Souter to retire, NBC-TV reports
Juatice David H. Souter has decided to retire when the Supreme Court completes its current Term in early summer, the NBC-TV network reported Thursday night. The 69-year-old jurist, who is completing his 19th year on the Court, has passed word of his plans to others, and the White House has been told, according to the network’s account by reporter Pete Williams. Other news organizations also were reporting that Souter has made his decision not to continue serving.
By leaving office this summer, Souter will be giving President Obama time to select and seek Senate approval of the new Chief Executive’s first appointee to the Nation’s highest court before the Court returns for a new Term on Oct. 5. That process could be slowed, however, if the President chooses a nominee who stirred strong opposition among conservatives. With Democrats in control of the Senate, however, Obama’s choice almost certainly would win approval.
Even if the President were to pick a decidedly liberal new Justice, it would not bring a strong shift in the current Court’s direction, since four conservatives along with their sometime ally, Justice Anthony M. Kennedy, tend to control outcomes on many key issues.
Although there has been wide speculation that Souter would leave the Court fairly soon, he has not confirmed those reports, and neither have his colleagues or the Court’s staff. He long has been understood to be uncomfortable living in Washington, preferring to return as often as he can to his rural home in New Hampshire. He recently spoke of returning to Washington each year for a new Term as if it were something like a lobotomy.
A fomer state attorney general in New Hampshire and former state and federal judge who came to the Court with a reputation of being notably moderate and even conservative at times, Souter has become one of the most reliably liberal members of the Court. His selection by President George H. W. Bush was promoted by White House aides at the time with skeptical conservative organizations as a “home run” for the issues that they care about. His career as a Justice has not turned out that way, in any significant respect.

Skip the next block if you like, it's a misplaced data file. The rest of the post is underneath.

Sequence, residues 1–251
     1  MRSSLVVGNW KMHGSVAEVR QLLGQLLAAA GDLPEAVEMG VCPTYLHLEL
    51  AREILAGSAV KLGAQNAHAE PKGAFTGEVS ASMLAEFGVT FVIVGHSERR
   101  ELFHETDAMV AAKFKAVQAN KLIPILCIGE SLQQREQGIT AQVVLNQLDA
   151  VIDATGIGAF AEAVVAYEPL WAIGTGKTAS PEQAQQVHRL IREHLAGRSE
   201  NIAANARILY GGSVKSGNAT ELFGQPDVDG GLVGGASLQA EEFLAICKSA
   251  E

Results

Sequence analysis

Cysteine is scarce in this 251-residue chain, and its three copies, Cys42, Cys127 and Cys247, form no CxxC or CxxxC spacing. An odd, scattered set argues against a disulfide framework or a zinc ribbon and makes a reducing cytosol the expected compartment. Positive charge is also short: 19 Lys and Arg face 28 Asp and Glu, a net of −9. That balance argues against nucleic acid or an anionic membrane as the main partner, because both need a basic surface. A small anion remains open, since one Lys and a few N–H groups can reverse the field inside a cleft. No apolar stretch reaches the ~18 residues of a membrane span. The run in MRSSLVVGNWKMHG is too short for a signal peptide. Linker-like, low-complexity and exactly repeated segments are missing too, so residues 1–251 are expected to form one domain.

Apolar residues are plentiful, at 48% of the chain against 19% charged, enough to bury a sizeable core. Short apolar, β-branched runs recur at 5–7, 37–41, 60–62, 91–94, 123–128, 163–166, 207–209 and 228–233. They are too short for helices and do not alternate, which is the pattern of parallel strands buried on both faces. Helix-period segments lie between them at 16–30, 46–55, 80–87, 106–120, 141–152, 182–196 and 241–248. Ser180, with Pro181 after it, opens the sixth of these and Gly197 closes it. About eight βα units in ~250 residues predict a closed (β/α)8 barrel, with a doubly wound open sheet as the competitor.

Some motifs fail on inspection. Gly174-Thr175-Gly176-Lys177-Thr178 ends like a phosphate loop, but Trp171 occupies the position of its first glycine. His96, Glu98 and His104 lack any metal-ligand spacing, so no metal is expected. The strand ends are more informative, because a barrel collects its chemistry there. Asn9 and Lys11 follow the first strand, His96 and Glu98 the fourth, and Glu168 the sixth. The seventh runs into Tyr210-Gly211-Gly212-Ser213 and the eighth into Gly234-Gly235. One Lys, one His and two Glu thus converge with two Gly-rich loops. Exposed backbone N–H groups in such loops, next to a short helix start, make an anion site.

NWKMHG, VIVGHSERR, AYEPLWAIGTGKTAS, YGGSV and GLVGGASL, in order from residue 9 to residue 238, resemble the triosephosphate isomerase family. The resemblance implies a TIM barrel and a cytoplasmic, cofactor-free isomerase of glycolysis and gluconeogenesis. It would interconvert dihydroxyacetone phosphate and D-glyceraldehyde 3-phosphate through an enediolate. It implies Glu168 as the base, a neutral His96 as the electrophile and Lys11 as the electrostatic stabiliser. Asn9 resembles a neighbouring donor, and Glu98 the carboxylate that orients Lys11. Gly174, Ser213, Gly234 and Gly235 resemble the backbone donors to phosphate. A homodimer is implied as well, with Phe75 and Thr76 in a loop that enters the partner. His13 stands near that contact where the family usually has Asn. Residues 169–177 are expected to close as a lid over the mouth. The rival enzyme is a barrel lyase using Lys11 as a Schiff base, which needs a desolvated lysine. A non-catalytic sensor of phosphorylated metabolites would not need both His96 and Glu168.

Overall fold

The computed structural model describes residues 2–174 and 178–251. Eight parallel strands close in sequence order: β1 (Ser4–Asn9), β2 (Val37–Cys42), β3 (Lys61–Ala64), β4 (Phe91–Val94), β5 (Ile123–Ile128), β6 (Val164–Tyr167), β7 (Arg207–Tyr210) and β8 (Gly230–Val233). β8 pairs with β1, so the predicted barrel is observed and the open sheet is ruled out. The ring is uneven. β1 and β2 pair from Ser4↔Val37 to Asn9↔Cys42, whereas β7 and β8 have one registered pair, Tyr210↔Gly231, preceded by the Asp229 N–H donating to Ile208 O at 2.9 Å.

Just this week, for example, he mounted a sturdy defense during oral argument of Congress’ authority to continue rigorous federal enforcement techniques to assure minorities their right to vote, even as his conservative colleagues were expressing deep doubt about the constitutionality of the law at issue — the Voting Rights Act of 1965.
He has often sparred verbally, on the bench, with Justice Antonin Scalia, the philosophical leader of the Court’s conservative bloc. And he has often aligned himself closely with the Court’s most liberal member, Justice John Paul Stevens.
During oral argument, he displays a keen perception of the core issues before the Court, displaying a refined intellect along with a lawyer’s tenacity to keep an advocate from straying far from what is at stake. In some recent terms, he has seemed increasingly testy during oral argument, but that tendency appears to have eased somewhat in the current Term.
With word of Souter’s decision to retire, speculation in Washington will immediately begin to focus on the prospect that President Obama will make a symbolic appointment for that seat on the bench — perhaps the Court’s first Hispanic member, another woman Justice, or another African-American Justice.
The new President has had no time to make a record on the type of selections he will make for federal judgeships. He will be under particular pressure from his liberal followers to pick someone at least as liberal as Souter.